The European Centre for Disease Prevention and Control (ECDC) published guidelines for the implementation of non-pharmaceutical interventions (NPI) against COVID-19 in September 2020. While there is no “one size fits all” approach, the guidelines recognise that there are some key principles that can be applied in all settings, based on the common sense idea that a given behaviour occurs when both the capability and opportunity are present, and when the individual concerned is more motivated to enact that behaviour than any other.  School settings already provide individuals with the capability and opportunity to comply with NPIs by setting out clear guidance and providing essential products such as hand sanitiser and face coverings as required. It may, therefore, be more helpful to focus on how to encourage, support and motivate staff and pupils to continue to comply with the NPIs and understand any changes by, for example, appealing to community solidarity and working with children and young people to help develop a sense of shared ownership and responsibility for the safety of the school community.

The ECDC risk assessment of new SARS-CoV-2 variants of concern includes considerations for school settings which suggest that “a wide range of mitigation measures should be considered that minimise social mixing between school classes and adult staff, and these appear to be effective”. It goes on to say that “the school community should be viewed as a partner and a resource in order to optimise the response. Moreover, schools are important venues for science education and learning about good hygiene practices, such as handwashing. Students can become effective advocates for disease prevention and control in their homes, the school and the community at large.”

Physical distancing in schools

Given the new variant and the high current prevalence of COVID-19, and the advice from senior clinicians (as set out in the sub-group advice published on 3 February) the sub-group has concluded that its advice on physical distancing for secondary schools should be strengthened. At the current time, and during the phased return to in-person learning, 2 metre distancing should be in place for secondary aged pupils, in addition to continuing to be in place for staff.

Physical distancing requirements in primary schools should remain unchanged: 2 metre distancing between adults not from the same household, and 2 metre distancing between adults and children whenever possible.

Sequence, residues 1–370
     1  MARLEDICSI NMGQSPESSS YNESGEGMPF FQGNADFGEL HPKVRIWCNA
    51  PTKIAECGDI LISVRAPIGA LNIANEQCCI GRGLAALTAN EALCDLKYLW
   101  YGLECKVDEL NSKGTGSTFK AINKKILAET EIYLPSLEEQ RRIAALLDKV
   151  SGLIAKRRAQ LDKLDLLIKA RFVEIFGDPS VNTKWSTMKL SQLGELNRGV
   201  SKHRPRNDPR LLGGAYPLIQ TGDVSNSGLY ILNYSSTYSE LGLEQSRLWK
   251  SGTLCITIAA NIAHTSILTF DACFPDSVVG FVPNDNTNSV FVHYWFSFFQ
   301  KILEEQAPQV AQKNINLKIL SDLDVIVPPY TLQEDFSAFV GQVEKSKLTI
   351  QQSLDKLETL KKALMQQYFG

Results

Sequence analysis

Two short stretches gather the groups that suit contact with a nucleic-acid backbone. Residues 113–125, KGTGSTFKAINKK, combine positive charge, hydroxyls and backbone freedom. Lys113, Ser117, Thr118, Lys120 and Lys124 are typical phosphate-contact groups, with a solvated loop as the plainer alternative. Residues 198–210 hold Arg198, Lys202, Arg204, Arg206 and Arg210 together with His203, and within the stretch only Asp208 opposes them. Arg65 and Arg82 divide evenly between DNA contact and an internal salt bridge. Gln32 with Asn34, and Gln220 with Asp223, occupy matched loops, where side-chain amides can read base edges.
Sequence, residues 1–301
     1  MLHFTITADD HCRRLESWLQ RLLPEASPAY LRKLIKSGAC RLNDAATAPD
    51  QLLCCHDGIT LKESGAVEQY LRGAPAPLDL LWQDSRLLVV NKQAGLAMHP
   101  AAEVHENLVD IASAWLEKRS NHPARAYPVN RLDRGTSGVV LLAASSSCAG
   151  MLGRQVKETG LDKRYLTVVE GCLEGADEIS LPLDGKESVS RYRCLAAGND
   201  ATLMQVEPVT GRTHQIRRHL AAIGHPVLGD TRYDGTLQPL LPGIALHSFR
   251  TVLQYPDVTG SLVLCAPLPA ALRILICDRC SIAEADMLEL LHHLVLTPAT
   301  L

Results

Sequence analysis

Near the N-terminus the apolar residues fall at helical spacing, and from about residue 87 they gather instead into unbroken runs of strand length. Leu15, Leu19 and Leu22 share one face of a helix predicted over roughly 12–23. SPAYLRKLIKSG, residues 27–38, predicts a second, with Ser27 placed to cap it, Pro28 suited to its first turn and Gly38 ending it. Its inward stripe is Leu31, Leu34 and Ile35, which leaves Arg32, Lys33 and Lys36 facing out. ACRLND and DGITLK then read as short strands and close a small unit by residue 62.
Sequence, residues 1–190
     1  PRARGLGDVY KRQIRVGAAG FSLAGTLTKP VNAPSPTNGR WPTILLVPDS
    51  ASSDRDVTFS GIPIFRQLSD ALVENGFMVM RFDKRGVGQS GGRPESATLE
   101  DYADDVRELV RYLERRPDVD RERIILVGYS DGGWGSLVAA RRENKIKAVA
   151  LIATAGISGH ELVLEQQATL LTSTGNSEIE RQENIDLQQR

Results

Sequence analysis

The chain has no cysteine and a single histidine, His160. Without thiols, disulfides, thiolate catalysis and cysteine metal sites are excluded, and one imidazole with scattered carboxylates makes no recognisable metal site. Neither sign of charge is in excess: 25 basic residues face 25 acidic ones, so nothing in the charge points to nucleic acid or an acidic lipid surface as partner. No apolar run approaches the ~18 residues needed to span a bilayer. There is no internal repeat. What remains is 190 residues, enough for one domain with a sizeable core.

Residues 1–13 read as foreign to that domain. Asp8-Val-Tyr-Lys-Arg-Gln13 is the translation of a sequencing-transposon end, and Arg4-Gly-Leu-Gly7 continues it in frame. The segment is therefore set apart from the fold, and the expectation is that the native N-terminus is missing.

Physical distancing in ELC settings

The current evidence is that young children remain less likely to transmit the virus and to have serious health effects from it. This, combined with the fact that it is not appropriate for young children to maintain physical distancing, either practically or in terms of child development, means the sub-group has concluded that its previous advice on physical distancing in ELC settings should be maintained: 2 metre distancing should be in place between staff, but no distancing should be required between young children, or between young children and staff. 

Face coverings

The sub-group considered whether advice on face coverings should be strengthened in order to require medical grade face masks to be worn in secondary schools.  The clinical view was that such a requirement was not commensurate with the risk in school settings, and that cloth face coverings, when combined with the other important mitigations of physical distancing and hand hygiene, were considered appropriate in schools. This is in line with the current World Health Organisation (WHO) checklist to support schools re-opening which suggests that medical masks are only required under certain conditions (e.g. for immunocompromised children or those with other diseases, in consultation with the child’s medical provider).

The sub-group has concluded that its previous advice on face coverings in schools and ELC settings should be maintained, with the additional requirement that senior phase pupils should wear face coverings in classrooms (as set out in the enhanced protection measures for levels 2-3 in the strategic framework). Schools and ELC settings should consider whether additional guidance, practical demonstrations, or communications for staff and pupils to support the correct wearing, storage and disposal of face coverings, including the use of hygiene products when doing so, would support better and more effective deployment of face coverings.

The table below sets out advice on who should wear face coverings in Early Learning and Childcare settings, primary and secondary schools.

Face Coverings

Secondary School

Primary School

ELC

To be worn by adults where they cannot keep two metre distance from other adults and / or children and young people.

Apply

Not applicable

Not applicable

To be worn by adults where they cannot keep two metre distance from other adults.

Apply

Apply

Apply

To be worn by adults when not working directly with children, for example when moving around settings, when gathering in staff, office and admin areas, and in canteens

Apply

Apply

Apply

Should be strongly encouraged for parents and other visitors to the school site (whether entering the building or otherwise) including parents at drop-off and pick-up

Apply

Apply

Apply